Pubdate: Sun, 21 Jun 2015
Source: Pottstown Mercury (PA)
Copyright: 2015 The Mercury, a Journal Register Property
Author: Andrew Staub, PA Independent


HARRISBURG - Retired Maj. Neill Franklin oversaw more than a dozen 
drug task forces that used civil asset forfeiture laws to seize 
millions in property.

But by the late 1990s even Franklin, who worked for the Maryland 
State Police, began to think something was wrong with the system.

Franklin was reviewing paperwork from a case on the Eastern Shore. 
Police had seized a man's car, and it was suspected the car was used 
in drug deals. But the owner was never charged with a crime.

The man wanted the car back so he could get to work, and police 
agreed to return it - as long he paid storage and administrative fees 
of a couple hundred dollars, says Franklin. It cost nothing to park 
the car on a police lot.

"Basically, we held this guy's car for ransom and then made money off 
of giving it back," said Franklin, who is now fighting for national 
civil asset reform as executive director of Law Enforcement Against 
Prohibition, which opposes the War on Drugs.

Franklin visited the Pennsylvania state Capitol on Wednesday about 20 
years after he first saw the problems with civil asset forfeiture and 
joined a diverse coalition calling on lawmakers here to reform the system.

While law enforcement officials argue civil asset forfeiture is a 
vital tool to strip drug dealers and other lawbreakers of the 
resources they use to commit crimes, the practice has come under 
increasing scrutiny across the country. Critics argue it's an affront 
to the constitutional right to due process and that it's used to pad 
law enforcement budgets.

Pennsylvania law allows police to seize cash, cars and even homes if 
they believe they're connected to a crime. Prosecutors can file for 
the property's forfeiture and obtain - even if the owner has never 
been charged or convicted of a crime.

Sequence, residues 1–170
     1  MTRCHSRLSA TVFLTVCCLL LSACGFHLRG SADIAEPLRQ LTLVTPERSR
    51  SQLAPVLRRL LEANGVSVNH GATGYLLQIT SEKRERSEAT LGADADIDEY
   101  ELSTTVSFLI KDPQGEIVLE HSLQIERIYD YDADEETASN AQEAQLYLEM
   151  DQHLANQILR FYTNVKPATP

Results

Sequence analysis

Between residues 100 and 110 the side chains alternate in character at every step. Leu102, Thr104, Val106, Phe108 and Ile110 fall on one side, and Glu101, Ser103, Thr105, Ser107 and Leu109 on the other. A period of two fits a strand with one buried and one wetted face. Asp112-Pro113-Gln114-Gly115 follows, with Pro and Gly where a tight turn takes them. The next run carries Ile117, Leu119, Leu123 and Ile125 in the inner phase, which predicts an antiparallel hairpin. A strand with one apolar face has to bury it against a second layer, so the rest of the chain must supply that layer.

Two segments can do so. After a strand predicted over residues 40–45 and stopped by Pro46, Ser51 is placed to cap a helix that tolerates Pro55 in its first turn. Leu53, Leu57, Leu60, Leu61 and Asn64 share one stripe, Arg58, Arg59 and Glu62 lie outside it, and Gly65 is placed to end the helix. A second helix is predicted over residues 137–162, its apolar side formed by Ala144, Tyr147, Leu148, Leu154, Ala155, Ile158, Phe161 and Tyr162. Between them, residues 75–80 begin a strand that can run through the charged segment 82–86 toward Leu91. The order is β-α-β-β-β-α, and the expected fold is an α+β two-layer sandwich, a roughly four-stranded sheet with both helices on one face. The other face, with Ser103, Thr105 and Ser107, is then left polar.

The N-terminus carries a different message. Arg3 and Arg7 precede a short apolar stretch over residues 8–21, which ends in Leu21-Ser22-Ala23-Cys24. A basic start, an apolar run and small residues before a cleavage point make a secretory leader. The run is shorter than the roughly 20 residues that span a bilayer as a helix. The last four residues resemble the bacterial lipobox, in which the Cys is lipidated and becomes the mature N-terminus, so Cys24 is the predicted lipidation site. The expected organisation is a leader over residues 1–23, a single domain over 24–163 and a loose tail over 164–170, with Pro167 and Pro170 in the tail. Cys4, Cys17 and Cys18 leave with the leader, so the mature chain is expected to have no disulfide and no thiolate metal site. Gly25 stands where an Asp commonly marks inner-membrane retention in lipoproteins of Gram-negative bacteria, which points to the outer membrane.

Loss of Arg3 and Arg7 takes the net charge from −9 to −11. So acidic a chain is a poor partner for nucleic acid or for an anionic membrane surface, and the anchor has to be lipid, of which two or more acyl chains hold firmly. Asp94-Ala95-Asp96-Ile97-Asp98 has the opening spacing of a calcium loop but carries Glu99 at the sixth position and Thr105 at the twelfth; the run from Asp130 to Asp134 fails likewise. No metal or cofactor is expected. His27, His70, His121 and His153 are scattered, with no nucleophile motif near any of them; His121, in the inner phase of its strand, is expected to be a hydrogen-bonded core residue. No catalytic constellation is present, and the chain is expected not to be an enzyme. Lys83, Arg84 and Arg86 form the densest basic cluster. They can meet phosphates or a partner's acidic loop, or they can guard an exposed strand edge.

Law agencies keep the proceeds, giving them a financial interest in 
using the law. In one case, a prosecutor in Pennsylvania doled out 
staff bonuses with the proceeds.

A Missouri police chief also once referred to forfeiture money as 
"pennies from heaven" that can be used to buy "a toy or something 
that you need." last month reported the Mississippi city 
of Richland funded its $4.1 million police station with forfeiture money.

The practice is problematic in Pennsylvania, too, said the state 
chapter of the American Civil Liberties Union. It released a report 
this week that found the Philadelphia District Attorney's Office 
takes and keeps some 100 homes, 150 vehicles and about $4 million in 
cash each year.

Looking at cases from 2011 to 2013, the ACLU found almost a third of 
the instances of cash forfeiture involved money owned by people not 
convicted of a crime. More than half the time fewer than $200 in cash 
was at stake, meaning it made little sense for owners to hire an 
attorney or take off work to go to court to get it back.

Because civil asset forfeiture petitions are civil cases filed 
against the property itself, owners aren't guaranteed an attorney, as 
they are in criminal cases. Molly Tack-Hooper, a staff attorney with 
the ACLU of Pennsylvania, called it a "fundamentally broken system," 
though reform could be on the way.

State Sen. Mike Folmer, R-Lebanon, has proposed legislation that 
would require a conviction before property could be forfeited. It 
would require that proceeds of forfeiture go into a general 
government fund, versus funding budgets for police and prosecutors. A